0

I'm importing data from a legacy DB to a new project, i'm a bit confused about some of the SQL generated by EF Core (i looked at it in the output view as it was performing very poorly vs what i expected).

I'm targeting SQL Server and i'm creating objects that have subproperties of type Image (a poco) here's an example of how it is used on an object with such a property :

MyObject.Thumbnail = new Image()
                {
                    Name = Thumbnail.GetValue("Name"),
                    OriginalData = ImageData,
                    Data = ImageData,
                    Width = bmp.Width,
                    Height = bmp.Height,
                    Format = ImageFormat.Jpg
                };

I'm left confused about the generated SQL (and to be honest i don't understand it, is it declaring a temp table and then merging? Why?) and by its performance (it's taking 17 seconds to insert 10 elements with 2 image properties each, i'm running the SQL Server locally on the same machine as the .net core process running the queries so there is no network lattency and inifnite bandwidth and the byte arrays and fairly small to begin with, mostly in the 300kb range).

Expected performance would be removing one to two zeroes.

Microsoft.EntityFrameworkCore.Database.Command:Information: Executed DbCommand (17,211ms) [Parameters=[@p0='?' (Size = -1) (DbType = Binary), @p1='?' (Size = 4000), @p2='?' (DbType = Int32), @p3='?' (DbType = Int32), @p4='?' (Size = 4000), @p5='?' (Size = -1) (DbType = Binary), @p6='?' (DbType = Int32), @p7='?' (Size = -1) (DbType = Binary), @p8='?' (Size = 4000), @p9='?' (DbType = Int32), @p10='?' (DbType = Int32), @p11='?' (Size = 4000), @p12='?' (Size = -1) (DbType = Binary), @p13='?' (DbType = Int32), @p14='?' (Size = -1) (DbType = Binary), @p15='?' (Size = 4000), @p16='?' (DbType = Int32), @p17='?' (DbType = Int32), @p18='?' (Size = 4000), @p19='?' (Size = -1) (DbType = Binary), @p20='?' (DbType = Int32), @p21='?' (Size = 8000) (DbType = Binary), @p22='?' (Size = 4000), @p23='?' (DbType = Int32), @p24='?' (DbType = Int32), @p25='?' (Size = 4000), @p26='?' (Size = 8000) (DbType = Binary), @p27='?' (DbType = Int32), @p28='?' (Size = -1) (DbType = Binary), @p29='?' (Size = 4000), @p30='?' (DbType = Int32), @p31='?' (DbType = Int32), @p32='?' (Size = 4000), @p33='?' (Size = -1) (DbType = Binary), @p34='?' (DbType = Int32)], CommandType='Text', CommandTimeout='30']
SET NOCOUNT ON;
DECLARE @inserted0 TABLE ([Id] int, [_Position] [int]);
MERGE [Images] USING (
VALUES (@p0, @p1, @p2, @p3, @p4, @p5, @p6, 0),
(@p7, @p8, @p9, @p10, @p11, @p12, @p13, 1),
(@p14, @p15, @p16, @p17, @p18, @p19, @p20, 2),
(@p21, @p22, @p23, @p24, @p25, @p26, @p27, 3),
(@p28, @p29, @p30, @p31, @p32, @p33, @p34, 4)) AS i ([Data], [Description], [Format], [Height], [Name], [OriginalData], [Width], _Position) ON 1=0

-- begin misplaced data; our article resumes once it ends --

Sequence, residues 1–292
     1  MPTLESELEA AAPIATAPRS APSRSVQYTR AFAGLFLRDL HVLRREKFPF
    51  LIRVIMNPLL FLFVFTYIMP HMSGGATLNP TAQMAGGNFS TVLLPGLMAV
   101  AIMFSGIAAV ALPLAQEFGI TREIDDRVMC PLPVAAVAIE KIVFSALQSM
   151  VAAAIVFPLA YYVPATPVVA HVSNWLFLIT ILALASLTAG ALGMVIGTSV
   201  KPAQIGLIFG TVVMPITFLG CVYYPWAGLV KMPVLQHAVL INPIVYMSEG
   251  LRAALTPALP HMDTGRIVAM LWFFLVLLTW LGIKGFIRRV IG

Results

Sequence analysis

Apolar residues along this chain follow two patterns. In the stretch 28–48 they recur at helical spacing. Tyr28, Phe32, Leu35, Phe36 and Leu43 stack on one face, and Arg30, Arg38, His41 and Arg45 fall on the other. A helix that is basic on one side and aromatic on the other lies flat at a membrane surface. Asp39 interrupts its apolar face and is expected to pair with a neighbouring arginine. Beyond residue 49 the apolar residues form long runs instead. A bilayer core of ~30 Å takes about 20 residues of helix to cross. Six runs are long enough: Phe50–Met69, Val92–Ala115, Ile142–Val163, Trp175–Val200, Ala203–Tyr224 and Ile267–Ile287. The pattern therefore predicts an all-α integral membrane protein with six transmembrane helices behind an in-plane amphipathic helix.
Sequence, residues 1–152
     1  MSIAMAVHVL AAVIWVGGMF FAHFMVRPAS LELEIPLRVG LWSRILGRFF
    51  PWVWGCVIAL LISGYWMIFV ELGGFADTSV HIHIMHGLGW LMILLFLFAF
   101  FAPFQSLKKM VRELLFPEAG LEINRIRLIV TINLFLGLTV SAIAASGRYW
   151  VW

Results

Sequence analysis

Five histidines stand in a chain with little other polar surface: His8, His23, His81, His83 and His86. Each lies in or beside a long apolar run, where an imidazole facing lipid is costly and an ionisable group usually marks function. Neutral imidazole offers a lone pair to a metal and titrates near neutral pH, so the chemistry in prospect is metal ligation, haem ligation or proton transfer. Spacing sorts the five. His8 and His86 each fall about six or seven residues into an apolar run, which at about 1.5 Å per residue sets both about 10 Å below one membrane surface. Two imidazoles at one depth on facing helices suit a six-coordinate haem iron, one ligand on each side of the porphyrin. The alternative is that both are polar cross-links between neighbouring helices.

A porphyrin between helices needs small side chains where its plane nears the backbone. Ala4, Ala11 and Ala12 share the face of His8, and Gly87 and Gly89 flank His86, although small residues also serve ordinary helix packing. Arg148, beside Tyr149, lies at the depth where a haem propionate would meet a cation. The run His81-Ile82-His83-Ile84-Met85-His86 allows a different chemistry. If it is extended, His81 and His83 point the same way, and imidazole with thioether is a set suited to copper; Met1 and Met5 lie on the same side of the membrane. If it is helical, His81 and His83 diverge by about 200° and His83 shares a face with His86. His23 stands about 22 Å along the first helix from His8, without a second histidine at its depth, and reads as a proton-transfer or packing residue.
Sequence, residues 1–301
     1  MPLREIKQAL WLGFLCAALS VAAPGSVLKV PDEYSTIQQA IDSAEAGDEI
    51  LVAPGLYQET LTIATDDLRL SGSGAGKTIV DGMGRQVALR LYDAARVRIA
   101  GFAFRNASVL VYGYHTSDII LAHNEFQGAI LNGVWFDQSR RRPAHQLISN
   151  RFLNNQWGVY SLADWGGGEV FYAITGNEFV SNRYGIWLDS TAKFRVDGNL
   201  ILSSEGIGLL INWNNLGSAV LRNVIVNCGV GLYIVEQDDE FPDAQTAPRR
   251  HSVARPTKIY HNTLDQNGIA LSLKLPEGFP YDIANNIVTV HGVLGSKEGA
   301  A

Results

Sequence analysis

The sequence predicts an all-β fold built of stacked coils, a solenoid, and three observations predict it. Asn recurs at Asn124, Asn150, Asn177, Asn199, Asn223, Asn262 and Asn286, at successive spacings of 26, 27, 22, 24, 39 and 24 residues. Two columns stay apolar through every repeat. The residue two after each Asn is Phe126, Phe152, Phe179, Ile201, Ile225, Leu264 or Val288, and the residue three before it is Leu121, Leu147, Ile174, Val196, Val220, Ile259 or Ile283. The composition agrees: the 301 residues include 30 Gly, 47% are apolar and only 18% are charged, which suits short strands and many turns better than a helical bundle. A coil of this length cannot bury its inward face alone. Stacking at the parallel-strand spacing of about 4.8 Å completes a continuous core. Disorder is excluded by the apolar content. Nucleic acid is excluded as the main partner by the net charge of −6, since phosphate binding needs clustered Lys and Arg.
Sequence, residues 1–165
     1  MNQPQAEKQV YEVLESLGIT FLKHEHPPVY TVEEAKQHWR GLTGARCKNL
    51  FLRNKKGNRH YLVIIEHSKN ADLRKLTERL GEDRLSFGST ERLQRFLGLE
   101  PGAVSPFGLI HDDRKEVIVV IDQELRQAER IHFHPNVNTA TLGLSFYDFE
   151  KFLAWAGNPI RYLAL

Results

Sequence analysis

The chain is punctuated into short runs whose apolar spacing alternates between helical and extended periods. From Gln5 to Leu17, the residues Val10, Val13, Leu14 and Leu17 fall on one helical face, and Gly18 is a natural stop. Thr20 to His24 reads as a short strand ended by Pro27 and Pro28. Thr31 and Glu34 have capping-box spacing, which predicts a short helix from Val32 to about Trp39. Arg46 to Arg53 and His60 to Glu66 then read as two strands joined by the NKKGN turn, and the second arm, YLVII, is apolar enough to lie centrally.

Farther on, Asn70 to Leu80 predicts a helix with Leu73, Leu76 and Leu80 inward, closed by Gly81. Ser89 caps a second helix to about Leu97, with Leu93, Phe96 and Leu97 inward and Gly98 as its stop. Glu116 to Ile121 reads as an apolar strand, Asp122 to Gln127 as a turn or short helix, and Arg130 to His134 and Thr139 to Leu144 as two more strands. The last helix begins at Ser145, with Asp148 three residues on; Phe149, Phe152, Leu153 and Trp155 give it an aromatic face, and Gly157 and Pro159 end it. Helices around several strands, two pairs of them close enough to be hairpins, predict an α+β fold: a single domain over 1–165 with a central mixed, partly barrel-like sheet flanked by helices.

WHEN NOT MATCHED THEN
INSERT ([Data], [Description], [Format], [Height], [Name], [OriginalData], [Width])
VALUES (i.[Data], i.[Description], i.[Format], i.[Height], i.[Name], i.[OriginalData], i.[Width])
OUTPUT INSERTED.[Id], i._Position
INTO @inserted0;
6
  • Looks like an "upsert." – Robert Harvey Mar 26 '19 at 21:59
  • @RobertHarvey Any idea why it would do an upsert on creating new objects? (from googling upsert is merged update/insert, i could understand if i was doing something funky like reataching an object but here i'm just creating a new hierarchy of objects from an empty database) – Ronan Thibaudau Mar 26 '19 at 22:01
  • Can you add the entity declaration and any configuration applied for it? (modelBuilder / EntityTypeConfiguration) – Steve Py Mar 26 '19 at 22:36
  • 1
    Seems it's intentional behavior for batching inserts and preserving the IDs... (brentozar.com/archive/2017/05/…) Looks ugly, but apparently faster overall. Saving binary images (twice per) will likely not be fast. – Steve Py Mar 26 '19 at 22:46
  • 1
    One of a zillion reasons I don't use EF. Its based on the premise that SQL is hard. Which its not. You obviously understand SQL, so why try and coax another layer into doing things efficiently. Ok I'll admit that's a 1 minute rant. Take it or leave it :) – TomC Mar 27 '19 at 0:20
3

For SQL Server SaveChanges batches by default. For this scenario (loading blob data), batching is actually bad, as you don't want a huge parameter set bound on the client and server, and then traversed to load. You want single-insert batches (or if your blobs are really large, SqlClient Streaming, for which you'll need to drop down to ADO.NET).

You configure this on the same line you instruct the DbContext to use SQL Server, eg:

optionsBuilder.UseSqlServer(constr, b => b.MaxBatchSize(1).UseRelationalNulls(true) );

To disable batching, and to opt out of generating queries that emulate C# null comparison semantics.

If you need to conditionally disable batching, you can add a DbContext constructor parameter that you read on OnConfiguring. EG

public class Db : DbContext
{
    bool disableBatching = false;

    public Db() : base()
    {

    }
    public Db(bool disableBatching)
    {
        this.disableBatching = true;
    }

And if you need to convince your DI container to sometimes hand out DbContexts with batching disabled, you can create a new subtype for that, as most DI containers work off type registrations. EG:

public class NoBatchingDb : Db
{
    public NoBatchingDb() : base(disableBatching: true) { }
}
1
  • As i'm using asp.net core the context is passed through DI, is there anyway to construct it that way for this one very specific method and yet have batching for all other scenarrii? – Ronan Thibaudau Mar 27 '19 at 2:30

Your Answer

By clicking “Post Your Answer”, you agree to our terms of service, privacy policy and cookie policy

Not the answer you're looking for? Browse other questions tagged or ask your own question.